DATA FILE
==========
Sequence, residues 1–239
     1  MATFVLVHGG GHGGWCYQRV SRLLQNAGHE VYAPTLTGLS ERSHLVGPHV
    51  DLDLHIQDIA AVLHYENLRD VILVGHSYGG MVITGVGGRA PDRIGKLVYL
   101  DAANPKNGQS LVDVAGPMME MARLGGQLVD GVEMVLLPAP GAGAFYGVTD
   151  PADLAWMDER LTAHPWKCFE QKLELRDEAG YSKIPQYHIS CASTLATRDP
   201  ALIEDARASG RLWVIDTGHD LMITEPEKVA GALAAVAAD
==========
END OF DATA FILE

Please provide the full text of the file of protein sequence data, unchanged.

Sequence, residues 1–239
     1  MATFVLVHGG GHGGWCYQRV SRLLQNAGHE VYAPTLTGLS ERSHLVGPHV
    51  DLDLHIQDIA AVLHYENLRD VILVGHSYGG MVITGVGGRA PDRIGKLVYL
   101  DAANPKNGQS LVDVAGPMME MARLGGQLVD GVEMVLLPAP GAGAFYGVTD
   151  PADLAWMDER LTAHPWKCFE QKLELRDEAG YSKIPQYHIS CASTLATRDP
   201  ALIEDARASG RLWVIDTGHD LMITEPEKVA GALAAVAAD